Crocus hartmannianus, which is an endemic species to Cyprus flora, was come upon in North Cyprus after full sixty years. This perennial herb, which was discovered in 1904-1905 by Ernest Hartmann in a few locations on the Troodos Mountains, was last seen on January 30, 1956 by ecologist L.F. H. Merton at 600 meter high stony grounds located in Buffavento Castle region.
As an interesting coincidence, after full sixty years and to the very day on January 30, 2016, this endemic herb was seen by a group of academics from NEU Faculty of Fine Arts and Design. This endemic species was seen at 888m height on the Beşparmak ( Kyrenia) Mountains but in a different location than that of Buffavento Castle region.
According to the press release issued by the Directorate of Press and Public Relations Office, the species was photographed in eco-scientific format and its coordinates were determined by the group of academics consisting of Uğurcan Akyüz, Raif Dimililer, Hasan Zeybek, Başaran C.Akyüz, and Hikmet Uluçam.
After sharing the images on social media, the intensity of interest brought the issue into the agenda of ecologists. The reappearance of this endemic herb has created quite a stir among environmentalists.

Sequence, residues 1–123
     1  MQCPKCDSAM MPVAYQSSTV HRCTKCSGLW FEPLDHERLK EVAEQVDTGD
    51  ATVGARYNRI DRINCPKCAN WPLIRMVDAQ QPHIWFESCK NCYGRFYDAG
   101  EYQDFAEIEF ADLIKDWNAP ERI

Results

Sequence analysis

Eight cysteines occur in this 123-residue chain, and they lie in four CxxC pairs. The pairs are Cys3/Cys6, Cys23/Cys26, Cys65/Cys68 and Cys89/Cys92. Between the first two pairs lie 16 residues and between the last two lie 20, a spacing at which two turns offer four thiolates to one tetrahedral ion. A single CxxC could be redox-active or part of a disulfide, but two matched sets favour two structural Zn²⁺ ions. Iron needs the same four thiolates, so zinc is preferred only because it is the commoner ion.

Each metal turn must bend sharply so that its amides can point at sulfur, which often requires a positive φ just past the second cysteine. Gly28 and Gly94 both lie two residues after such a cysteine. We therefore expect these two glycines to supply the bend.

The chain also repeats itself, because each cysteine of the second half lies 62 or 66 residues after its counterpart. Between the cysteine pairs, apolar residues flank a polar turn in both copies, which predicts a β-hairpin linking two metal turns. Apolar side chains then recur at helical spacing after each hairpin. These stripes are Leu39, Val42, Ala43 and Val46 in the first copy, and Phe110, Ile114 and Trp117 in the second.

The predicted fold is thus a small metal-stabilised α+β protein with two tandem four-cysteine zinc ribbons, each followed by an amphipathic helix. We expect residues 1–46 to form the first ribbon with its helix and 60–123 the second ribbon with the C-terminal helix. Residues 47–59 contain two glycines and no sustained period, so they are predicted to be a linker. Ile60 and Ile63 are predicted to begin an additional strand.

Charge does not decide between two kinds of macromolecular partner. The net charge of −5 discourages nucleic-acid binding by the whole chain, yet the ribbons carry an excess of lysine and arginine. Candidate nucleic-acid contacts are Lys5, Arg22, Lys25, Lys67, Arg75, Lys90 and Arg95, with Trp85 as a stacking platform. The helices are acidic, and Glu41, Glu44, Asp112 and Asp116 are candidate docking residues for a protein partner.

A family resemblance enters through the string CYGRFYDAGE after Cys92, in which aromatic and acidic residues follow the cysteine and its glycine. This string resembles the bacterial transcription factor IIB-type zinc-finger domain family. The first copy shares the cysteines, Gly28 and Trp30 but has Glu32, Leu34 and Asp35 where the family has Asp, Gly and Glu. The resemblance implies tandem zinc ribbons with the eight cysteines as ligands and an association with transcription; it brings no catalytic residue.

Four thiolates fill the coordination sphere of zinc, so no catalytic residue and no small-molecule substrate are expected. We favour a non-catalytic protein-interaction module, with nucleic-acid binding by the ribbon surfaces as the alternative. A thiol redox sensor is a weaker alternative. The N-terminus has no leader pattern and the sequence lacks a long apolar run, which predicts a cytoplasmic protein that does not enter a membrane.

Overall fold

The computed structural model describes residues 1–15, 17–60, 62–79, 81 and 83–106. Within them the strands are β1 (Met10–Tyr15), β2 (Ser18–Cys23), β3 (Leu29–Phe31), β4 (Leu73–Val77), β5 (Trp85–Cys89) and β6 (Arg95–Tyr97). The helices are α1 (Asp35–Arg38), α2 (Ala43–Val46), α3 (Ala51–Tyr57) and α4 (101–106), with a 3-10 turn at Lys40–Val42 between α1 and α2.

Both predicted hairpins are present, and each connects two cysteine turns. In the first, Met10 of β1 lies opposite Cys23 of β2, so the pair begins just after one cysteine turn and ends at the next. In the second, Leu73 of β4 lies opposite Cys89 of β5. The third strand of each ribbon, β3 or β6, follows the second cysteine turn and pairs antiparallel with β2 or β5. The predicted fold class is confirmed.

After seeing the plant, particularly Hikmet Uluçam searched the relevant publications including “an illustrated flora of North Cyprus by D. E. Viney”, “Koeltz Scientific Books, Koenigstein Germany 1994”, “Flora of Cyprus Volume II by R.D. Meikle”, and “The Bentham-Moxon Trust, Royal Botanic Gardens Kew, England, 1985” in order to identify this endemic herb. After a careful research on the relevant literature, it was concluded that the plant was Crocus hartmannianus.
After this conclusion, the group continued to search the region and came upon another endemic species to Cyprus; Crocus veneris that located almost at the same coordinates.
Studies are ongoing on both endemic herbs.